Nakuset stressed that systemic racism doesn’t only affect Indigenous people in the healthcare system, but in every sector of society. She’s been working in collaboration with Batshaw Youth and Family Centres, and has been trying to get them to implement Viens Commission recommendations that deal with youth protection.
“They said no,” she said. “And to this day, they haven’t implemented a single one of them.”
She also noted the systemic discrimination within law enforcement.
“Indigenous people are 11 times more likely to be stopped by the police. And what have they done to correct that? Nothing!” she added.
She suggests that the Gladue reports aren’t being regularly applied by judges in the justice system—a right Indigenous people have under the Canadian criminal code. It’s a principle that recognizes the systemic racism Indigenous people face in and out of the justice system. It instructs judges when sentencing or setting bail to consider all available sanctions besides imprisonment, when reasonable, with particular attention to the circumstances faced by Indigenous offenders.
Premier François Legault said he was shocked by the racism he witnessed in Echaquan’s video, but insists that systemic racism doesn’t exist in the province.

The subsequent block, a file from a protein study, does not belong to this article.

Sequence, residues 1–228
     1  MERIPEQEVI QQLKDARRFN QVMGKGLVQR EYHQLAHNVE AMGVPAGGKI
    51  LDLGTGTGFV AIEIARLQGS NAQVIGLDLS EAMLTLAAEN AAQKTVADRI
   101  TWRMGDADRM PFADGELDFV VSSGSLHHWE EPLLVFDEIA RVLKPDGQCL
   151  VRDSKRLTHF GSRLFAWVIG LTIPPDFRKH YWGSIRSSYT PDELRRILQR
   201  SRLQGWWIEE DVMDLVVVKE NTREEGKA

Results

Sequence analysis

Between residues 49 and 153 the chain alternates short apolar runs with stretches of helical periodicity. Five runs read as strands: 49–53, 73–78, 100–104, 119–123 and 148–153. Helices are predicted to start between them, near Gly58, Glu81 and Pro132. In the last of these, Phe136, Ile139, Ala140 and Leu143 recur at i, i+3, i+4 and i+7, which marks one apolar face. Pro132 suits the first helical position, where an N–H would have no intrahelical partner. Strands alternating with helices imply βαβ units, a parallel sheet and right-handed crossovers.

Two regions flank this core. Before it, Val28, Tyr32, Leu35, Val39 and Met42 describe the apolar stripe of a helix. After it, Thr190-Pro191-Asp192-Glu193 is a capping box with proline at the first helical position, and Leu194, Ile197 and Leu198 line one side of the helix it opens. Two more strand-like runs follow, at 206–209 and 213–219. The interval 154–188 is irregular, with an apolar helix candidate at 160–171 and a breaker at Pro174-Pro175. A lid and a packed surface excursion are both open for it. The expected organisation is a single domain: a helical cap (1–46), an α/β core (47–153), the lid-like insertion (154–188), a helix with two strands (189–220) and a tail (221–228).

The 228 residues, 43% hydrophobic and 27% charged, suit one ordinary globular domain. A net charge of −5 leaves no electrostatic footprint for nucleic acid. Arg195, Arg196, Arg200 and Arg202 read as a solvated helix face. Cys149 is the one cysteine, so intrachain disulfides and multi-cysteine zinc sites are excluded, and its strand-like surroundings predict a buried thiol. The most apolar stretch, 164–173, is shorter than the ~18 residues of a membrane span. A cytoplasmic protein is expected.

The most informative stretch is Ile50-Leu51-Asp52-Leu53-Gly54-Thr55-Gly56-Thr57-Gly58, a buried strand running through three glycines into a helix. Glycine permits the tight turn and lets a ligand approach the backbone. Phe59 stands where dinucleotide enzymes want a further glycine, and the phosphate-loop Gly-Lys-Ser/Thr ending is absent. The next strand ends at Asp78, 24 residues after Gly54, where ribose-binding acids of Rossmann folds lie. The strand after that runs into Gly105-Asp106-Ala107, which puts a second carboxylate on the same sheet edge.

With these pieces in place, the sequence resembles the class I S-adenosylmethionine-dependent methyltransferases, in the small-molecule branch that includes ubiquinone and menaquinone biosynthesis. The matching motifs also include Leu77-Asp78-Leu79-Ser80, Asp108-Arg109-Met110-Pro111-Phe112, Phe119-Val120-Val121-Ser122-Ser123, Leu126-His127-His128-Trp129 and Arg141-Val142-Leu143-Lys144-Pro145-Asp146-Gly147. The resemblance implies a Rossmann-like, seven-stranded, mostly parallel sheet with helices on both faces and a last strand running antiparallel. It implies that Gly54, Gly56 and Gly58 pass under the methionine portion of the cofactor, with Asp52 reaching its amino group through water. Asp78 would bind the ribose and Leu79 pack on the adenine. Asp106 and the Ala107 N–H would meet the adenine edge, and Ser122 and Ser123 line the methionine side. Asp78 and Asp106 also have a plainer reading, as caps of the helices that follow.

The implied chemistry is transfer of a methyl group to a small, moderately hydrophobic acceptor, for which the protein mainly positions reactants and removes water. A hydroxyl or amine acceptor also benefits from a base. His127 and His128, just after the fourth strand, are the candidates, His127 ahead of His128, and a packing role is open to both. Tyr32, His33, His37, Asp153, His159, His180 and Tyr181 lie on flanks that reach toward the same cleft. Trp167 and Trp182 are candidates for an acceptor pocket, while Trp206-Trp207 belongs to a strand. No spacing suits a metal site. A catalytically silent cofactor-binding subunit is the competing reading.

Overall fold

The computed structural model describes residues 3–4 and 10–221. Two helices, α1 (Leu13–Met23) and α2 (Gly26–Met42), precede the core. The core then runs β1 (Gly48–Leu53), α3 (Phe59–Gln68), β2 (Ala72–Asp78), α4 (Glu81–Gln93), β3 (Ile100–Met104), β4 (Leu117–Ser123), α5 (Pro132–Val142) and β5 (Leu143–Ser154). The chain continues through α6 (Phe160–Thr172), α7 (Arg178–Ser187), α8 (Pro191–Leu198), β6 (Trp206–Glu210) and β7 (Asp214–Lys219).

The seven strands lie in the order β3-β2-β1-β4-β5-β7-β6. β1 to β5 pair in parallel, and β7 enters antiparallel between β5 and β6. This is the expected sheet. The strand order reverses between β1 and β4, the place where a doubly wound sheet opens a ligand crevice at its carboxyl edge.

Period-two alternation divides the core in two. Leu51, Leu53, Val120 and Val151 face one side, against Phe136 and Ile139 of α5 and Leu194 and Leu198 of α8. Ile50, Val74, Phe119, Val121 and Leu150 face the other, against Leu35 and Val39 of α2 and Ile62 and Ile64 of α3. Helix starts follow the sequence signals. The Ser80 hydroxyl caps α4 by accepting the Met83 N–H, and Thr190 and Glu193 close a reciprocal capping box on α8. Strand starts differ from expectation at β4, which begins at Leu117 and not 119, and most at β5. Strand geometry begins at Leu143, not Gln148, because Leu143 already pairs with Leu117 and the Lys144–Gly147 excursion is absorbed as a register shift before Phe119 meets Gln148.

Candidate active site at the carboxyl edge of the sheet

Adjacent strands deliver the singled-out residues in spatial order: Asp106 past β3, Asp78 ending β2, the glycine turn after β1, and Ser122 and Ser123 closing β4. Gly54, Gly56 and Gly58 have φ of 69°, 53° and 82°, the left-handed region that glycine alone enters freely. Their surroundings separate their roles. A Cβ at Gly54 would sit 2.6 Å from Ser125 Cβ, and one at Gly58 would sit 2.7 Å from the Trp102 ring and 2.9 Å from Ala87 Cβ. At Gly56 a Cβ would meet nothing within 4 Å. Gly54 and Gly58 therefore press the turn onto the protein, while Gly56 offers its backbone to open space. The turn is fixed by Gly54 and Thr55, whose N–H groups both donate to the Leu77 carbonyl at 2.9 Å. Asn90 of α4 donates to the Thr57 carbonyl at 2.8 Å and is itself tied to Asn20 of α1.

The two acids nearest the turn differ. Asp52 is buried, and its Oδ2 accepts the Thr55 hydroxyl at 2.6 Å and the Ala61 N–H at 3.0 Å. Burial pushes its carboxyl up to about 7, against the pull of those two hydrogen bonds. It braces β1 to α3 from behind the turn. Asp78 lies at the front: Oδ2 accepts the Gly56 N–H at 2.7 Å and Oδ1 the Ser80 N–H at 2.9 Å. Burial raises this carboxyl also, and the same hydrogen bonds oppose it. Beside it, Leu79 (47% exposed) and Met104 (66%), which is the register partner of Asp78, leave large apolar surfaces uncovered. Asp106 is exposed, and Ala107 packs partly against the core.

“Premier Legault, you are promoting racism, you are supporting systemic racism that has kept Indigenous people down and decreased their population,” Gabriel said in response. “It is because of people like you—who deny that these acts even occur.”
Nakuset supports Echaquan’s family in pressing criminal charges against the nurse. She hopes the nurses—who are currently unknown—have their identities revealed, their licenses revoked, and for there to be a full investigation of the entire hospital. She called for more stringent measures to ensure a lack of racial bias in the institution.
“People should be tested to see if they have any anti-Indigenous bias, and if they do, they must be removed and replaced with someone who doesn’t. That’s the only way,” she said.
Gabriel added that it’s only a part of a larger ongoing assault against the “self-determination” of Indigenous People in Canada.
“Self-determination doesn’t just mean a collective right—it also means an individual right. Joyce’s right to self-determination was taken away by people who were educated into believing that Indigenous people are less than them,” she said.